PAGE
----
What makes healthcare an industry worth attacking by ransomware groups?

One factor could be because healthcare is such an enormous and widespread industry, and they have good reason to pay the ransom. Because of the need for quick turnaround of patient care, the need to get back to business as quickly as possible is an urgent one.

Healthcare IT teams, especially at smaller healthcare organizations, are much more likely to be understaffed and underfunded (and the bad guys know this). Why? Perhaps because breaches are indirectly related to patient care (IT –> device –> patient), whereas medical assets provide direct service to patients (device–>patient); therefore, the company places its resources where it would do the most immediate good.

According to one study, the average ransomware payment for healthcare is $131,000 (https://www.sophos.com/en-us/medialibrary/pdfs/whitepaper/sophos-state-of-ransomware-in-healthcare-2021-wp.pdf). This, of course, is quite a bit less than hiring a CISO/Director, an IT Manager, and a couple administrators, in addition to technology for backups and restores (regardless of on-prem or hosted). So, the initial incentive to pay the ransom, which is much less costly than hiring people to protect it, is tempting.

However, these factors don’t take into account the total cost. We can’t forget other factors such as downtime, lost revenue, and lost resource time (e.g., people, devices). The total average for healthcare organizations is a little over $1 million. This total loss of resources, in addition to reputation loss, is much more than the cost of protecting the assets.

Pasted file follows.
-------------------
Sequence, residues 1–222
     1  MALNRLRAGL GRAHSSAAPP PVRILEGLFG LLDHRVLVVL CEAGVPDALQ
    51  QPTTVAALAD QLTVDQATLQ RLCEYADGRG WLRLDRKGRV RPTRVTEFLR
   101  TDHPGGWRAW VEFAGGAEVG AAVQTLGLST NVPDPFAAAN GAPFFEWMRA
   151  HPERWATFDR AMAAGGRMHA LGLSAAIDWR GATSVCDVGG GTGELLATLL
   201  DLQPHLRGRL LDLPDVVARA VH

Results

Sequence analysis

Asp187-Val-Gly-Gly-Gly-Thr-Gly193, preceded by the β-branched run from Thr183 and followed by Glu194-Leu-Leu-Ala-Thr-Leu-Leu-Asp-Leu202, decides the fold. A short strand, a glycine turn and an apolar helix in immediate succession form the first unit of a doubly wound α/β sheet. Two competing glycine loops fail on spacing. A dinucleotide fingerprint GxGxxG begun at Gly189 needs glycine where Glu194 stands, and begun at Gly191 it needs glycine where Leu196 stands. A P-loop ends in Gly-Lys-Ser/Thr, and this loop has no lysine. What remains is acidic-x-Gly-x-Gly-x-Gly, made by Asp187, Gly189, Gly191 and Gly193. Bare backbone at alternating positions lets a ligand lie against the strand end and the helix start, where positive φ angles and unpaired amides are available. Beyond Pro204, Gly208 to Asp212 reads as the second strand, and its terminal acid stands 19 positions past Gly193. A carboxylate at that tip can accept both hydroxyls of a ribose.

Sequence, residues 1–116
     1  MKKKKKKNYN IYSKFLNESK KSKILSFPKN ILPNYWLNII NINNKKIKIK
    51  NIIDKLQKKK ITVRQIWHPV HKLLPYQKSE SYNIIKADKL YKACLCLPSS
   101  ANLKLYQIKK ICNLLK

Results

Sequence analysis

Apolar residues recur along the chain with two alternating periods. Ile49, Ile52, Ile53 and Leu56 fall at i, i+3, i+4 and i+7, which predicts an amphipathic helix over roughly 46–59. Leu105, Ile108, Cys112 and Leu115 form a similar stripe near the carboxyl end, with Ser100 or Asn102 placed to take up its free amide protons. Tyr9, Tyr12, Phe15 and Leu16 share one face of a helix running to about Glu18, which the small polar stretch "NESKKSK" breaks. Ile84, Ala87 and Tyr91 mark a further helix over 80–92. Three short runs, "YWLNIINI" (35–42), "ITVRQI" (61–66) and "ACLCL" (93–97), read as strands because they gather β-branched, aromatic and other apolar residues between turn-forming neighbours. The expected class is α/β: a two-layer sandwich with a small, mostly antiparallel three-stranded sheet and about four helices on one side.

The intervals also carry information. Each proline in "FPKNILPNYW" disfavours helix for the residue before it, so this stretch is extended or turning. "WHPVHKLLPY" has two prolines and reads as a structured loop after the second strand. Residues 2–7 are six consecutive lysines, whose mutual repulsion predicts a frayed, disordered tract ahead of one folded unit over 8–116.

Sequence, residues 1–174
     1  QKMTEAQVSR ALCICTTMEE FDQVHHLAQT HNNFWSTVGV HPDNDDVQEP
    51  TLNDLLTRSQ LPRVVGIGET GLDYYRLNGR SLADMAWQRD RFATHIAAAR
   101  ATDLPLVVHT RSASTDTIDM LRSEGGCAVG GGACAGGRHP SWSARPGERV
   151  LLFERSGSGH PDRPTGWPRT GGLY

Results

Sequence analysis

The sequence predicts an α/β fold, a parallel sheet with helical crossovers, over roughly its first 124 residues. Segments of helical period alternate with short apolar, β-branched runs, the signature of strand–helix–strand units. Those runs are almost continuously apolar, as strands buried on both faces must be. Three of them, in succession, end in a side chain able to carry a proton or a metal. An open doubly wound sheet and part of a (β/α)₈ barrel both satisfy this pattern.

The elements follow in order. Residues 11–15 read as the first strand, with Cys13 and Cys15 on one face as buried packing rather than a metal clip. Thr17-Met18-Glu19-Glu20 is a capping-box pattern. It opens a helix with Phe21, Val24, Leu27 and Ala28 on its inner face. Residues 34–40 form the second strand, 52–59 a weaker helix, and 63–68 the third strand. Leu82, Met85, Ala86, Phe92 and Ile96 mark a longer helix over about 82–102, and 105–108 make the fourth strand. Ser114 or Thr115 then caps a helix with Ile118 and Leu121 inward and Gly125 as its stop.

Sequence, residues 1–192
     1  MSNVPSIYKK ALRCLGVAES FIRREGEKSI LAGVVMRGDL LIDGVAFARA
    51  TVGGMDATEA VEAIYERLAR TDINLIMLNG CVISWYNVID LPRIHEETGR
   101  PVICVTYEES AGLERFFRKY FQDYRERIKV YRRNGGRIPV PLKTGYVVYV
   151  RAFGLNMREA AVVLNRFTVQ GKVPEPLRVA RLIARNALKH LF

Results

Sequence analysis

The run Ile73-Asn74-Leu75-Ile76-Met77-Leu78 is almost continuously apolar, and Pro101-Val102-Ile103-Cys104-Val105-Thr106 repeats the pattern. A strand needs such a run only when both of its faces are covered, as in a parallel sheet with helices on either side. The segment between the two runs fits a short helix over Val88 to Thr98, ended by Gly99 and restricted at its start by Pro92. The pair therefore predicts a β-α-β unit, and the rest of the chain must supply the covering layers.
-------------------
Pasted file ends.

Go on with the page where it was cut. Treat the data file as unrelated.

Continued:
Why Does healthcare make the news (or not)?

Because healthcare is required by regulations to give public notice of breaches (e.g., HITRUST requirement to publicize breaches of ePHI). Since many non-healthcare companies aren’t required to publicize breaches, they are able to keep things quiet. This makes for a seemingly larger number of healthcare-related breaches.

On the flip side, because only breaches that affect 500 or more people are published, they aren’t all publicly disclosed, even though the < 500-person breaches still need to be reported. So, there are many breaches with smaller impacts that don’t make the news.

Protection & Response

In our next installment, we will consider some of the key actions we can take to protect ourselves from the damage or fall out of a ransomware attack.

Read part 2 here: Ransomware In Healthcare – Resources for Protection and Response (Part 2 of 2)

Here are some resources for further reading:

FBI warns of Conti ransomware attacks targeting U.S. healthcare networks

The State of Ransomware 2021

More than 1/3 of health organizations hit by ransomware last year

Why Healthcare Keeps Falling Prey to Ransomware and Other Cyberattacks

Breach Notification Rule